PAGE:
COOS BAY — The Coos Bay City Council’s work session had more than the usual agenda items Tuesday night as citizens filled with vitriol over the homeless problem spoke at the Coos Bay Fire Department Station 1.
Most of the meeting was a back-and-forth argument between locals and city officials, with either side making a claim and the other either affirming or refuting it.
“We’re not feeling safe in our own neighborhoods, at our own homes and it’s just not right and somebody has got to do something,” 52-year-old Mary Brandon said, “Somebody’s got to help instead of turning a blind eye to it and ‘oh, we’ve got to feel sorry for them’. No, we’re past that.”
Brandon is a member of the Empire Neighborhood watch and echoed a lot of the group's beliefs.
“So now you’re going to be having the homeowners and the victims taking these matters into their own hands, because they’re not getting the help that we need. Our city needs to help us,” Brandon said.
After an emergency meeting between watch members, Coos Bay city representatives and the Devereux Center last month, city officials expressed concerns over talk about vigilante justice.
Much like the other meeting, watch members pointed to the Devereux Center as a source of the problem.
Brandon said the Devereux Center is enabling the homeless by providing them with items like tents and blankets.
She charged the center with supplying needles to its visitors, a claim staunchly refuted by both Director Tara Johnson and City Manager Rodger Craddock.
Brandon’s other main contention was that homeless are being bused to the area from other cities.
Some watch members suggested putting the homeless back on buses and sending them to another city, but Councillor Lucinda DiNovo said that would just be pushing the problem somewhere else.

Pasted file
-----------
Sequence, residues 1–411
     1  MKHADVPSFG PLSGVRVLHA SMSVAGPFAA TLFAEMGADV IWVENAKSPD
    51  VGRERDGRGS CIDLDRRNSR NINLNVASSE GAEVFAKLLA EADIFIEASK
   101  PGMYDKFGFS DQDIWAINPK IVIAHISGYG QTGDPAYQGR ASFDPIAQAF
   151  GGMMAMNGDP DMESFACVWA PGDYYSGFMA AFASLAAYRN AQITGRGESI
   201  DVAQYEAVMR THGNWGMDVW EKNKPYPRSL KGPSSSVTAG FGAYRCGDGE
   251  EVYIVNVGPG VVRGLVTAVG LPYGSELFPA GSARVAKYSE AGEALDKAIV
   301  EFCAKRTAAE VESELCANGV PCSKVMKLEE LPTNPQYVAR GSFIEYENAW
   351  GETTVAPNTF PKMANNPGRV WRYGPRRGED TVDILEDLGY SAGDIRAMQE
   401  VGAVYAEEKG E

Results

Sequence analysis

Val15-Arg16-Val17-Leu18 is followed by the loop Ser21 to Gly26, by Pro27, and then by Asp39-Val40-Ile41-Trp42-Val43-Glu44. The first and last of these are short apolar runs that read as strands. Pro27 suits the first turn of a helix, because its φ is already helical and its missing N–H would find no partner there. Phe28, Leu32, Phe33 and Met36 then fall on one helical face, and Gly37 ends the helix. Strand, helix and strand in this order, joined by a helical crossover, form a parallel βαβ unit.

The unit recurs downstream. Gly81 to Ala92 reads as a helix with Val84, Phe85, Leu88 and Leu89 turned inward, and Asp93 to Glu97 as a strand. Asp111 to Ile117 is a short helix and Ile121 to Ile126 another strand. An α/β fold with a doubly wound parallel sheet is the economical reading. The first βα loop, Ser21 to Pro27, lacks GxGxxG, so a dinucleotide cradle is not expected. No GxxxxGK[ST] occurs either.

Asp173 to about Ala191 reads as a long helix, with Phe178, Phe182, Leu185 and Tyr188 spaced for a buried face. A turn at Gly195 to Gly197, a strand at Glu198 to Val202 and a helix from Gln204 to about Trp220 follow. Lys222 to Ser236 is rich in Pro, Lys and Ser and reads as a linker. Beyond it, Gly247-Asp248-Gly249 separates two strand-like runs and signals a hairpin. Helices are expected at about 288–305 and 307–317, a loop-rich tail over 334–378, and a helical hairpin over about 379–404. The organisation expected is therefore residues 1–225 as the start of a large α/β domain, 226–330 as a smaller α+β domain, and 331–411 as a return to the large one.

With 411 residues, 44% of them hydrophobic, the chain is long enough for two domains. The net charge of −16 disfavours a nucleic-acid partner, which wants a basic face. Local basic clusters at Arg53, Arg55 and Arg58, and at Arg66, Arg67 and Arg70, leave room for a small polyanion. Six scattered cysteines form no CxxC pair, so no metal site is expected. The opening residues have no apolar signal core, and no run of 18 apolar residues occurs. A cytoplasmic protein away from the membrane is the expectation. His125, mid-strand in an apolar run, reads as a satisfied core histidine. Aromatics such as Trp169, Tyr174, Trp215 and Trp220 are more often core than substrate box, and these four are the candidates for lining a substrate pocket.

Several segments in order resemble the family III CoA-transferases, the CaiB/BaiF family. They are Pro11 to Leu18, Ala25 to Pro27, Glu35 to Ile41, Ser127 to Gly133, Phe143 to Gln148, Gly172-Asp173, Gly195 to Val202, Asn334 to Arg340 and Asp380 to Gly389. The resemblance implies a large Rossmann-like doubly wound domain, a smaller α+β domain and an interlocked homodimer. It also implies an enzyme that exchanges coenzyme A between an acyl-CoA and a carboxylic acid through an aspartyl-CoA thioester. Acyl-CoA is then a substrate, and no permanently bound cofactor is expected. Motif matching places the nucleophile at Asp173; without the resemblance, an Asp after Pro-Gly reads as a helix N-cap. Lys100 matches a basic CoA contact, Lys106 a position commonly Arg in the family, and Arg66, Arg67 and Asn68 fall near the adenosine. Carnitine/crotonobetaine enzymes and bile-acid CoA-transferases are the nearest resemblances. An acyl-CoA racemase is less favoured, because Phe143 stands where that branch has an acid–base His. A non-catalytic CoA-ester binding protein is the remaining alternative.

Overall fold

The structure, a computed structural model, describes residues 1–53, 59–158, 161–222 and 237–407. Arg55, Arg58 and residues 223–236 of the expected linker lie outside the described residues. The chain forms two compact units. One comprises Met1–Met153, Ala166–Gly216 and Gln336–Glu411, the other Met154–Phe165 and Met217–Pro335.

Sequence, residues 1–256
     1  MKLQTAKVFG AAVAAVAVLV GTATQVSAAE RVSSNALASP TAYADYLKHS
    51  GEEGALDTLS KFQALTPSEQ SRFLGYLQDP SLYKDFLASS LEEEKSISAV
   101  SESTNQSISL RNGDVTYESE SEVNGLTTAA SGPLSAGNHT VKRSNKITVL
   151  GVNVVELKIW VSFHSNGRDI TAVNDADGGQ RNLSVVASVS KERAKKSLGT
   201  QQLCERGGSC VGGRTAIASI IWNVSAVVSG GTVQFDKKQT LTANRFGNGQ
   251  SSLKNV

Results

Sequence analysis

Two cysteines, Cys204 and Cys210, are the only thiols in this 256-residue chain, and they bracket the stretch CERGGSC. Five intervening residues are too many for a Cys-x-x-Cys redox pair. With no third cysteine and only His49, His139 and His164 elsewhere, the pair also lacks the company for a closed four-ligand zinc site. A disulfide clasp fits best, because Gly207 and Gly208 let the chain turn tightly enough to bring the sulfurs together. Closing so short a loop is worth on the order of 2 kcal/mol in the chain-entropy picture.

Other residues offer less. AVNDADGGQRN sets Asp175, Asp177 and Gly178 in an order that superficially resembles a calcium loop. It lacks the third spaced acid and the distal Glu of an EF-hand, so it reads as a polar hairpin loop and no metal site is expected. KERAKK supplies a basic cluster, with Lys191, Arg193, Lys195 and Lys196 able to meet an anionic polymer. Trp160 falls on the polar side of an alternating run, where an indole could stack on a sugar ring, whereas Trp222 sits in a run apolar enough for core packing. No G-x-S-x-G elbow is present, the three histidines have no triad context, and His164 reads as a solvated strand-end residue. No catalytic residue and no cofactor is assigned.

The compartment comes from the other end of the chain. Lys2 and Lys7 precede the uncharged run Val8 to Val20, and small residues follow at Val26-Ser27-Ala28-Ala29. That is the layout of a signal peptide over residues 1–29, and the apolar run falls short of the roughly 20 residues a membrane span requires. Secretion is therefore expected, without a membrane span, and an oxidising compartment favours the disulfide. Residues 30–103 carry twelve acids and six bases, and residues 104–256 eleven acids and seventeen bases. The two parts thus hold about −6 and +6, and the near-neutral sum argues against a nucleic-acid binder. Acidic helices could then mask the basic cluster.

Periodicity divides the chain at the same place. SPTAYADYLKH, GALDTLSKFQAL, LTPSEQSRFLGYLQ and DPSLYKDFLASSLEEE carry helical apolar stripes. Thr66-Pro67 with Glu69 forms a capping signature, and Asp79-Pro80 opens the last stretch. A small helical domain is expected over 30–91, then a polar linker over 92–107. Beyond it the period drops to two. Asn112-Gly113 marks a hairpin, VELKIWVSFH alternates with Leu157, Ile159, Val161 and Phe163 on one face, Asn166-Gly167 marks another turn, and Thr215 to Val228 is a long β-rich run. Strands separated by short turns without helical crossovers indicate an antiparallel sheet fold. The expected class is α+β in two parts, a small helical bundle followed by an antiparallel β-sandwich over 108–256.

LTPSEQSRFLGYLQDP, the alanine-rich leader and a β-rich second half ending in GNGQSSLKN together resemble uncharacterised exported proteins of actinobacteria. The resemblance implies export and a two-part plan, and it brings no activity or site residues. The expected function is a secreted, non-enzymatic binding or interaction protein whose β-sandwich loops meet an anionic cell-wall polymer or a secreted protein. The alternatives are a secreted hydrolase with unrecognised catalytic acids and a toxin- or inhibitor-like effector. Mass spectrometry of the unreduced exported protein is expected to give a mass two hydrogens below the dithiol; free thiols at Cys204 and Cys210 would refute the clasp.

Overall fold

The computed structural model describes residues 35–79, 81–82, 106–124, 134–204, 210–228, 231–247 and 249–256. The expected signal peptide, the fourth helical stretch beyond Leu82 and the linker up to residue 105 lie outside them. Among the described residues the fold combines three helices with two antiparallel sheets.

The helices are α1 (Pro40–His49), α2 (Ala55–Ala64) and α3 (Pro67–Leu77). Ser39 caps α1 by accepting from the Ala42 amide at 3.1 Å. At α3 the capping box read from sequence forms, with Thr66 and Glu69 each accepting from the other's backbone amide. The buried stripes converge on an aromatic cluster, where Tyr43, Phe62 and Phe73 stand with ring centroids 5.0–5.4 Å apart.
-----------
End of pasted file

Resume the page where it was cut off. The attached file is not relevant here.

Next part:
“We don’t want to kick the can to another city,” DiNovo said.
She asked what solutions the group had to bring to the table.
Brandon said she doesn’t know what the answer is, but wants services to stop “enabling” the homeless.
She used an analogy of leaving raw meat out for a bear in the forest. She said if someone left raw meat out every day, eventually the bear would stop hunting.
“It’s just the same with the transients, we keep helping them, they’re never going to help themselves,” Brandon said.
Mayor Joe Benetti said that the city needs a place for homeless to go, like a 100-bed facility. But that would require finding a building away from neighborhoods and subsequently getting funding for it.
“Now if I went out and I said ‘ok, we need a million dollars for a bond issue,” would you all go out and help me push that bond issue to put this homelessness in? It’s a tough push,” Benetti said.
While crime is a huge worry for local residents, Coos Bay Police Chief Gary McCullough said the people going through the jail for thefts aren’t transient, but locals addicted to drugs.
“I’m not going to say they’re not throwing trash in your backyard or in your parks or defecating or urinating and doing all that, because they are,” McCullough said, “But the majority of them are not the ones that are committing your burglaries and your robberies and your car thefts and stuff. Those are unfortunately young adults that we have in our community, that grew up in our community, that have a horrible, horrible addiction that they have to feed.”
McCullough said the transient population victimizes among themselves.
Several times throughout the meeting, city officials reiterated that unless a property owner makes a complaint, the city can’t just kick people off of property.
“It’s just frustrating for us, too,” Benetti said, “Our hands, whether you believe it or not, are tied on a lot of these things because of legalities.”
Benetti suggested setting up a public hearing for the group at a city council meeting.
The group plans to attend the Sept. 19 meeting.